Nuns’ Fight for Freedom 26

Conclusion 30

3 Marriage and Motherhood – The Preferred Calling 32

Introduction – Marriage Only? 32

The Holy Marital Vocation 33

Pastors’ Wives 35

Motherhood, Prostitution, Divorce 37

Conclusion 38

4 Learning and Power – An Elusive Option 40

Introduction: The Impetus and Obstacles for Theological Writing 40

Writing with and without Visions 42

The Education Factor 43

The Educated Women 46

Part 2 Women as Models, Leaders and Teachers of the Reformation 49

5 “Herr Doktor” Katharina von Bora, 1499–1552. The Lutheran Matriarch 51

Introduction 52

Katharina – From a Nun to the Ultimate Reformer’s Spouse 52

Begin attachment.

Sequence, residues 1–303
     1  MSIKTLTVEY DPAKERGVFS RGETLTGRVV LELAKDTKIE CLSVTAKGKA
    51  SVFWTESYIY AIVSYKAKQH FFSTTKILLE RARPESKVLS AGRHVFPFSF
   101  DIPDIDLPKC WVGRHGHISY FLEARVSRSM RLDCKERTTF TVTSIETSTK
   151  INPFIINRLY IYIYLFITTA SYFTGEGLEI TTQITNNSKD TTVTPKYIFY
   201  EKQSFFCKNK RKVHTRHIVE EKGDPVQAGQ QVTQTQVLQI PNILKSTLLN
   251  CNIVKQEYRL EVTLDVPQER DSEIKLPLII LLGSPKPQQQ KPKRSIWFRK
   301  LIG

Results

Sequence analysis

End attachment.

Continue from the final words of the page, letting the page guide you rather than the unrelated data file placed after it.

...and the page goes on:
Conclusion 67

A Word about Sources and References 69

6 Argula von Grumbach, 1492 to 1563/68? – A Bavarian Apologist and a Pamphleteer 71

Introduction 72

Argula as a Defender of Faith – A Valiant Christian, or a Devilish Woman? 73

Conclusion 83

A Word about Sources and References 85

7 Elisabeth von Brandenburg, 1485–1555, and Elisabeth von Braunschweig, 1510–1558 – Exiled Mothers, Reforming Rulers 87

Introduction 88

Elisabeth von Brandenburg née Elisabeth of Denmark – A Reformer in Exile 89

Elisabeth von Braunschweig-Lüneburg (Calenberg) 96

Conclusion 107

A Word about Sources and References 108

8 Katharina Schütz Zell, 1498–1562 – A Publishing Church Mother in Strasbourg 109

Introduction 109

A Church Mother, a Pastoral Care Provider, a Writer, Even a Preacher 110

Conclusion 130

A Word about Sources and References 131

9 Marie Dentière, 1495–1561 – A Genevan Reformer and Writer 133

Introduction 133

Marie Dentière – A Feminist Reformer and Biblical Interpreteter 135

Conclusion 146

A Word about Sources and References 147

10 Marguerite de Navarre, 1492–1549, and Jeanne d’Albret, 1528–1572 – The Protectors of the French Reformers 149